Bobby Portis’ New Role


Bobby Portis is seeing an increase in playing time post trade deadline. With the absence of Taj Gibson, he no longer has to worry about losing minutes, which should allow him to play with more comfort going forward.

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Before the Oklahoma City trade, Bobby Portis struggled to find consistent minutes. And when he did manage to step on the hardwood, he did his best to make the most of his situation. That worked against him most of the time.

Portis has offensive gifts, that’s clear. The problem was every time he was given a small window of opportunity he tried too hard to show off his abilities. Bobby would look to pass as much as a cat looks to jump into a pool. He was focused on getting his shots up because he possibly felt that’s the best way to show his value. He may have thought being a ball mover wasn’t going to earn him run. He was getting up a lot of mid-range shots, rather than stretching the defense by getting more 3-point attempts up. Which is understandable, it’s not a great situation to be in. Though now that he’s getting more consistent minutes, the when and where of his shot selection is improving.

Prior to the All-Star break, 23 percent of Portis’ shots were 3-point attempts. Four games into an extended role (averaging 11 more minutes a game) 35 percent of his shots have come from behind the 3-point line. If Portis can stretch the floor, the starting offense runs a lot better.

Post all-star break, the team is averaging 9.4 more points a game than before the break. The good thing about moving Taj Gibson is allowing Fred Hoiberg to use players that fit better in a modern offense. Portis has been stretching the floor so far in his new role, shooting 46 percent from beyond the arc since Gibson was traded. This should come down a bit, though it’s still a nice sign for the offense. And now that he doesn’t need to be as worried about keeping his minutes, he will achieve more while doing less.

Here’s an example of Bobby trying to do too much.

The second Portis receives the ball the only thing on his mind is getting his shot up. And it goes about as poorly as you can imagine. If Bobby’s focus is on something besides getting himself a look, he might notice an open Doug McDermott across the floor. Instead, Bobby decides to channel his inner Larry Bird. Didn’t work out. Portis is shooting 33.9 percent from the mid-range this season. Mid range shots are a dying art in the NBA, the more he eliminates those in exchange for 3-pointers the better.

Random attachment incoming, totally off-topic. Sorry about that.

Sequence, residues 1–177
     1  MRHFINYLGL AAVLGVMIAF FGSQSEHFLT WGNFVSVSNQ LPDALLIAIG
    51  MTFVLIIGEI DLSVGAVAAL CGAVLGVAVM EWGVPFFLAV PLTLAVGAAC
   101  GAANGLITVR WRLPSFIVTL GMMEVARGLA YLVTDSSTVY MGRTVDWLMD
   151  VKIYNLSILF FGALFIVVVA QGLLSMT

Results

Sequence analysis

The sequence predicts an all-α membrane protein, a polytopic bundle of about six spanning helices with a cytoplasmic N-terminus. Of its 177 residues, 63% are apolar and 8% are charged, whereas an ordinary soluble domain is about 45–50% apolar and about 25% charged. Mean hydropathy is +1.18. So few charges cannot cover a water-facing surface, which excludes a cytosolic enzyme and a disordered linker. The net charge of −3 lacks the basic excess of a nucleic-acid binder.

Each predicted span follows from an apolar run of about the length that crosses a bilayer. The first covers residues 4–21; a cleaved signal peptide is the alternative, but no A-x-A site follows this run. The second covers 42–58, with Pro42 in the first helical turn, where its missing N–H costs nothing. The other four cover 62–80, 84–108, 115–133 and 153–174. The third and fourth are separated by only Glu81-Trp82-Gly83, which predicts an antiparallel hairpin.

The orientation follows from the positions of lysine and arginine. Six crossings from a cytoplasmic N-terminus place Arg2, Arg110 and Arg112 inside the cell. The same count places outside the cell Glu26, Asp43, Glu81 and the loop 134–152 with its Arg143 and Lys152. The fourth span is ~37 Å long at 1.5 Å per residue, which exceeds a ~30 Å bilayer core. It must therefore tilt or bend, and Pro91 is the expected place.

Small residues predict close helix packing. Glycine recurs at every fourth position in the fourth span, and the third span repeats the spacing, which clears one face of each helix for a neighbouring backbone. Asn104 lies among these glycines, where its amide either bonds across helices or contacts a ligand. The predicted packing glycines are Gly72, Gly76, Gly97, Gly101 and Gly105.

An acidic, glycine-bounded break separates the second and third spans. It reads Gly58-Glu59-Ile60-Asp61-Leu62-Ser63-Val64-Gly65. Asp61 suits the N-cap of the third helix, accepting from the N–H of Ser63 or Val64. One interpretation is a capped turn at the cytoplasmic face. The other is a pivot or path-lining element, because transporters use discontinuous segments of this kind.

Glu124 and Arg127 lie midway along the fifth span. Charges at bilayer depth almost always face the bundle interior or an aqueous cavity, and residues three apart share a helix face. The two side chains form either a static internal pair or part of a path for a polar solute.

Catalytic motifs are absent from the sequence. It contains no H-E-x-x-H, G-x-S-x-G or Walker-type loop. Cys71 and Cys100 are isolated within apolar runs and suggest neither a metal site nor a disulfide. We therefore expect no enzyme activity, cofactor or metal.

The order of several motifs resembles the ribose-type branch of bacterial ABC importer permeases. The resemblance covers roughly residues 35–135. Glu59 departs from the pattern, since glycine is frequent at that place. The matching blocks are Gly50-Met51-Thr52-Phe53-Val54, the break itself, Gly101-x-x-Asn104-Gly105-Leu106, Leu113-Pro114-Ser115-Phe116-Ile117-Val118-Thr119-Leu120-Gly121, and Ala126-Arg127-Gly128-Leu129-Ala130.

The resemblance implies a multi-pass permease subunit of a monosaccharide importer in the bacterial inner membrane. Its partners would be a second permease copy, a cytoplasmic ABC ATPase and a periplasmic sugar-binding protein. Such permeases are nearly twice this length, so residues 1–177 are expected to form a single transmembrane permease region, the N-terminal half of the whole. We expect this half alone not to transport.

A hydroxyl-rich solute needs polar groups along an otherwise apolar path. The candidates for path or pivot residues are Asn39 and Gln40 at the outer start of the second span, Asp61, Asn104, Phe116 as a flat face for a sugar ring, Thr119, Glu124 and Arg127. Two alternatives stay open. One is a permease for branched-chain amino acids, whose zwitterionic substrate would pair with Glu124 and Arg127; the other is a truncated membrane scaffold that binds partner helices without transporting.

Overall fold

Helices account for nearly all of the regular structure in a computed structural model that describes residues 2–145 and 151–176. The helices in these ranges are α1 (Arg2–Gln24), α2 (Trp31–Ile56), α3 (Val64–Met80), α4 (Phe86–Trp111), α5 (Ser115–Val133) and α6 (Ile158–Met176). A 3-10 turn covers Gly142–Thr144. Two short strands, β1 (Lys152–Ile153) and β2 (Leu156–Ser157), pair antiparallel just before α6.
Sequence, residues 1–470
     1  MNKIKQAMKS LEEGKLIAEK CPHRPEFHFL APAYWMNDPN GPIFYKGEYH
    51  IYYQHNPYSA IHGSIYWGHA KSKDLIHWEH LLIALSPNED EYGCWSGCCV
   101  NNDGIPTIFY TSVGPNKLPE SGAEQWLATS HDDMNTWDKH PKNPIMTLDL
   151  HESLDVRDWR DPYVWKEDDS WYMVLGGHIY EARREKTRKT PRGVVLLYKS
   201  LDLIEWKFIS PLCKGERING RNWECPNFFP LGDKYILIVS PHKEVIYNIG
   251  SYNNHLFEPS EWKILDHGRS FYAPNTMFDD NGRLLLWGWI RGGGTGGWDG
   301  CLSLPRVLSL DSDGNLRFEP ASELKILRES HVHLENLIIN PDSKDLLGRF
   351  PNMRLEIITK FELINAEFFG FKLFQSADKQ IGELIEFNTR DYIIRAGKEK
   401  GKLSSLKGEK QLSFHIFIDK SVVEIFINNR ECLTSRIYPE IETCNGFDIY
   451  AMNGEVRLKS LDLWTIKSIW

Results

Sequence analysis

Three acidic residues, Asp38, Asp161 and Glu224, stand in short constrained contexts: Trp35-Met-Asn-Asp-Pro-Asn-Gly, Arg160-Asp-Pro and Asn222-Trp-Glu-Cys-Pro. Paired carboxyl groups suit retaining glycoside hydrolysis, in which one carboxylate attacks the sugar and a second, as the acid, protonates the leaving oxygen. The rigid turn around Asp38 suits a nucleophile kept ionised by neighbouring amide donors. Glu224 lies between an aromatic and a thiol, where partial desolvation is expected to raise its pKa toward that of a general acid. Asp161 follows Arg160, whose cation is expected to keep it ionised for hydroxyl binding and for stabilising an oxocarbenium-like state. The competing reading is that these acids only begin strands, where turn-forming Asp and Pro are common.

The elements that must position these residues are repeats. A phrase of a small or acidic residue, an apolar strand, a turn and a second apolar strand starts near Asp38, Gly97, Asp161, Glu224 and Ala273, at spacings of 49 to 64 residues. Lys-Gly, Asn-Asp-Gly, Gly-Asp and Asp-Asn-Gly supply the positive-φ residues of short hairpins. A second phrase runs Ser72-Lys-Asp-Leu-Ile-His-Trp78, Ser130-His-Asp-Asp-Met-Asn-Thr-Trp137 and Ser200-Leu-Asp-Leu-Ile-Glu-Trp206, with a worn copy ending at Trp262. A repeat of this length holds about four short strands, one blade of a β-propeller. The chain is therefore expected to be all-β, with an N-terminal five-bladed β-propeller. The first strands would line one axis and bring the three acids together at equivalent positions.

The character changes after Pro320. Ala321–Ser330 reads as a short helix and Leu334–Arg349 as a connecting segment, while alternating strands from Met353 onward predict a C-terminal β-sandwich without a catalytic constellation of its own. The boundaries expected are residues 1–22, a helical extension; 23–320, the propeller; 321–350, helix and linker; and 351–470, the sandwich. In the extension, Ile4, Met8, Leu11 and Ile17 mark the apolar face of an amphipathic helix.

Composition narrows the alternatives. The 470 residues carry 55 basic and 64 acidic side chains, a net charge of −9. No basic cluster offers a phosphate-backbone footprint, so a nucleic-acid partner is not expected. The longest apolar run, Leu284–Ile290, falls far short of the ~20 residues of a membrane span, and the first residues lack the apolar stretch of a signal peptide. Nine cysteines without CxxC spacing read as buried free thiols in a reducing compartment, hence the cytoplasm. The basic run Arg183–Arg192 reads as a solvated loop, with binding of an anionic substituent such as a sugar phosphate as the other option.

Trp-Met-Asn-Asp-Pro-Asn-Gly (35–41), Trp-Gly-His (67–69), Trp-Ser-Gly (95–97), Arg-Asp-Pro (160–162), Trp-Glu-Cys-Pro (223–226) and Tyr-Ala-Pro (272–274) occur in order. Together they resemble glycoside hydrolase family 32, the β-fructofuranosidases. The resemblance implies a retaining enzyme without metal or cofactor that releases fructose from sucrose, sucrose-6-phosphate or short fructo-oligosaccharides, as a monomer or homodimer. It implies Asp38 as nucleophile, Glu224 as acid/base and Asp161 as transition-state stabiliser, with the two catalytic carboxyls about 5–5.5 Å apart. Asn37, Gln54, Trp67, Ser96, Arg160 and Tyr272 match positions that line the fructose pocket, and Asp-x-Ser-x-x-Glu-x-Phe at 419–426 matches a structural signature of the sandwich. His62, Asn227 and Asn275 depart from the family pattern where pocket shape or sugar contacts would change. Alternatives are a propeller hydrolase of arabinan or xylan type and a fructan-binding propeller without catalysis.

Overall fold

In this clip, we see Portis gobble up an offensive board. If this is pre-trade I think Portis tries to go straight back up with the ball. He wouldn’t have been out there with guys like Wade or Butler, and it’d be a good time as any to prove his scoring prowess. Now that he finds himself in this situation while sharing the floor with the starters, he takes time to assess the scenario and smartly kicks the ball out with a fresh shot clock. Portis now has to worry less about producing flashy numbers, and more on not making simple mistakes.

Portis also seems to have the stamp of approval from Hoiberg, the head coach praised Bobby post game. It doesn’t seem like he needs to worry about losing minutes going forward, which should allow the second year big man to play with more comfort.

Portis, as a starter, has the luxury of being a spot up shooter, a better role for the 22-year-old as he eases himself into a more consistent role. On top of his shooting, he’s also been hitting the boards. He’s averaged 7.3 rebounds since the break and grabbed 13 on Thursday night against the Golden State Warriors.

He doesn’t have to worry about losing a big chunk of playing time with Gibson gone. Playing without that pressure is good for him, he will be happy to settle for open looks the starters carve out for him. If Portis settles into his new role more going forward, we should expect a lot more looks like this. Shout out to the soft rim.